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Using the paymentId and authorization values returned from a previous payment, refund requests are submitted as POST requests to the /payments/paymentId/refund path.

For example, let's assume we've created a payment for $14.00 and received a paymentId of 64acad09c79c5e590217a1a5 and an authorization of EP273834 in the response.

Then, to refund $10.50 of the payment, we'd send the request to /payments/64acad09c79c5e590217a1a5/refund, as follows:

Request: Refund a Payment
POST /payments/64acad09c79c5e590217a1a5/refund
"amount": 1050,
"authorization": "EP273834"
Response: Refund a Payment
"paymentId": "64aca4e5c79c5e590217a16a",
"type": "refund",
"status": "completed",
"approved": true,
"captured": false,
"authorization": "EP273834",
"amount": 1050,

Now, if you look up the original transaction, you will see that its status has changed to 'refunded' and that there is a refundDetails attribute which is an array of paymentIds of the refund transactions. There is also a remaining value, which is the amount of un-refunded funds 350 cents in this case.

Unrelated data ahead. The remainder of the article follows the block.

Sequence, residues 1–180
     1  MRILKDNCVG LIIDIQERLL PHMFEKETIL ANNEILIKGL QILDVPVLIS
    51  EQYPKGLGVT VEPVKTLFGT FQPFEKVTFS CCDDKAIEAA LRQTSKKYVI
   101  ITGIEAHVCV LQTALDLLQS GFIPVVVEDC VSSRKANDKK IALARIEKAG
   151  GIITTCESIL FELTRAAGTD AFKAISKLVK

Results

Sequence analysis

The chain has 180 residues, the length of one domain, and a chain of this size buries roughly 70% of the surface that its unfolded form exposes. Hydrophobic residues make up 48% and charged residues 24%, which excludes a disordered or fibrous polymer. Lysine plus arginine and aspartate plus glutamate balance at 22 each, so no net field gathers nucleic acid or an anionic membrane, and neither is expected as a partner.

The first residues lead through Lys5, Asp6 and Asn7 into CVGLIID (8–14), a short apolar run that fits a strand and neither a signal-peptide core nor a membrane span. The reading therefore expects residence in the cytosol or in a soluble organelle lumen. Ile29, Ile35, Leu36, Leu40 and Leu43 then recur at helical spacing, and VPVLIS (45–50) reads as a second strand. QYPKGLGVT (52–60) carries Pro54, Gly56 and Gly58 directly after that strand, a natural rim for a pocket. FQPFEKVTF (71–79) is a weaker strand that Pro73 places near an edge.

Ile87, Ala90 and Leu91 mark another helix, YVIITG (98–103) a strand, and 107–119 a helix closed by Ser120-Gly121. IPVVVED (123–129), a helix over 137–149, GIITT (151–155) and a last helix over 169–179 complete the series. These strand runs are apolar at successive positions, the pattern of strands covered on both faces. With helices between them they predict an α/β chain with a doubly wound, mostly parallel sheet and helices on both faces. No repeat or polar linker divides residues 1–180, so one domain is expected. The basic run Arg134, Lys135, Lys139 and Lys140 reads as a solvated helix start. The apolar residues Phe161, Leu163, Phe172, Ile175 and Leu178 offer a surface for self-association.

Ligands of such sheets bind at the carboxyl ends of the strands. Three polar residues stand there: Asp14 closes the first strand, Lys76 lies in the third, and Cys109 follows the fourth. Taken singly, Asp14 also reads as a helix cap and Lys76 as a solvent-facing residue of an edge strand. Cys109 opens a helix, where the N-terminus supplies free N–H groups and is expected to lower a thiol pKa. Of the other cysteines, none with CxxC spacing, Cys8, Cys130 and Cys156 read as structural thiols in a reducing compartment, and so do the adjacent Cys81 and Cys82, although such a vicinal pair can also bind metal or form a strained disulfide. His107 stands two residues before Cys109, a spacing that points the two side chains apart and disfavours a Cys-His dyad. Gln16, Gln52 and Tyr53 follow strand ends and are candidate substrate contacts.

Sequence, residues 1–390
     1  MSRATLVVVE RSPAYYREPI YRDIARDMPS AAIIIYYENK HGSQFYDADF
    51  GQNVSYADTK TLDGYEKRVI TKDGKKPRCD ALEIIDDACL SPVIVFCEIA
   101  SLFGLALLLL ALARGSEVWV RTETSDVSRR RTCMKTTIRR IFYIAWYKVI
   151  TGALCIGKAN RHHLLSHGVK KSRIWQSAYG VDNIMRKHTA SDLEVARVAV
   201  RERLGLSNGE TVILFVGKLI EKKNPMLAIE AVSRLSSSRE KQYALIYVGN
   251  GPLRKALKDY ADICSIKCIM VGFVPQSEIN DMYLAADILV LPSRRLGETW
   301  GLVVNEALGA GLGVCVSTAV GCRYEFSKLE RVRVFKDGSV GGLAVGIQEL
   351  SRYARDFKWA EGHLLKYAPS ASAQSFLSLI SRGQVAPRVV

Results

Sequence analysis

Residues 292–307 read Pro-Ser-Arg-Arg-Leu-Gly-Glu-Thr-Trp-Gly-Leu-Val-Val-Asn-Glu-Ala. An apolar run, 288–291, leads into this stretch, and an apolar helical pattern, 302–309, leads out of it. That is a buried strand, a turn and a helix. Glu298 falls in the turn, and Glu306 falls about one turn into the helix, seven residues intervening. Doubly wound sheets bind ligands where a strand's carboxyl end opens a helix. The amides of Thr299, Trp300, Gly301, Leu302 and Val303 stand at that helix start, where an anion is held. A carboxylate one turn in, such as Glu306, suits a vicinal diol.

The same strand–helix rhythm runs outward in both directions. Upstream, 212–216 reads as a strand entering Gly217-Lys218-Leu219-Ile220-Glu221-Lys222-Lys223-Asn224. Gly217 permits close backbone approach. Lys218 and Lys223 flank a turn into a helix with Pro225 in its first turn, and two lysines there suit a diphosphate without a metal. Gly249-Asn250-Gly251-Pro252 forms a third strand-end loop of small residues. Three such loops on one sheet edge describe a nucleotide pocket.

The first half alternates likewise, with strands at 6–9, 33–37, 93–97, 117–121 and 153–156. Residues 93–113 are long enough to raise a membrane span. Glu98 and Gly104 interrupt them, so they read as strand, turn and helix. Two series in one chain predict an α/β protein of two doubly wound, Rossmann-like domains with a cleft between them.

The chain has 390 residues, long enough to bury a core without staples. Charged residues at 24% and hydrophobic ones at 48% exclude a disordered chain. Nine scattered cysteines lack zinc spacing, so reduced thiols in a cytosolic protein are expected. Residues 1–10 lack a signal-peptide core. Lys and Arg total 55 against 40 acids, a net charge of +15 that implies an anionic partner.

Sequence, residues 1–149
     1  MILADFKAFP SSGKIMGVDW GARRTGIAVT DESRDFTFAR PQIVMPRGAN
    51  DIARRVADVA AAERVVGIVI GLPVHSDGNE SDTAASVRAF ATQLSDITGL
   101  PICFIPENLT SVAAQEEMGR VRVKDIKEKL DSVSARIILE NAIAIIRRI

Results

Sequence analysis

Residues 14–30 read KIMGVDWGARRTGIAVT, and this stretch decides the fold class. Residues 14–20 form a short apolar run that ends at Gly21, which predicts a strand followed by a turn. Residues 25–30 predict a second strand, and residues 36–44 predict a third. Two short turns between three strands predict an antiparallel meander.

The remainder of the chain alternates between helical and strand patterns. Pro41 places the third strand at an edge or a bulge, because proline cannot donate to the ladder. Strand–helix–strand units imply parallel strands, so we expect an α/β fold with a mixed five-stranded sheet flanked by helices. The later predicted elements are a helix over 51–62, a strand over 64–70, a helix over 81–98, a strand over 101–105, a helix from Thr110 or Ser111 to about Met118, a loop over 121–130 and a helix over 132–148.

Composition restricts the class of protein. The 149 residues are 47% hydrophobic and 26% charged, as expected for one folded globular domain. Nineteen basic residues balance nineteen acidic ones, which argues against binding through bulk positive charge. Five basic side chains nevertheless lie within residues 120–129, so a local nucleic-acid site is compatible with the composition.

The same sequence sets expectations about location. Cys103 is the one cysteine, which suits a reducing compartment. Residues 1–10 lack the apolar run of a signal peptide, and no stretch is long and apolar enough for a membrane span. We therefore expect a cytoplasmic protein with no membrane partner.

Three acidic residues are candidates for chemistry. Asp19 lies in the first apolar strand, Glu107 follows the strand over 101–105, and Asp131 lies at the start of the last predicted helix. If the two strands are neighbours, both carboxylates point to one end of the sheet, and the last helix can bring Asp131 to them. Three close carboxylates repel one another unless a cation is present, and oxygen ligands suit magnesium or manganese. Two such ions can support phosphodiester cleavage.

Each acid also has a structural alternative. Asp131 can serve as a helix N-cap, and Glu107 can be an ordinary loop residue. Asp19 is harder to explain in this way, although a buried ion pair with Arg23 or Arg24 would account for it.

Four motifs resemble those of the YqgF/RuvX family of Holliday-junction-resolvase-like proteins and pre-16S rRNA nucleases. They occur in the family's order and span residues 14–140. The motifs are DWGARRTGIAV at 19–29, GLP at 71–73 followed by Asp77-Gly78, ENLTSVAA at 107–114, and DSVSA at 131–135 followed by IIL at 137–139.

Request: Get Payment Details
GET /payments/64acad09c79c5e590217a1a5
Response: Get Payment Details
"paymentId": "64af9580c79c5e590217a1d5",
"type": "payment",
"status": "refunded",
"approved": true,
"captured": true,
"refunded": true,
"refundDetails": {
"refunds": [
"remaining": 350

Usage Notes

You can refund any captured payment, so either a 1-pass payment, or any captures of an authorization.

If required, you can refund a portion of the payment - you do not need to refund the whole amount.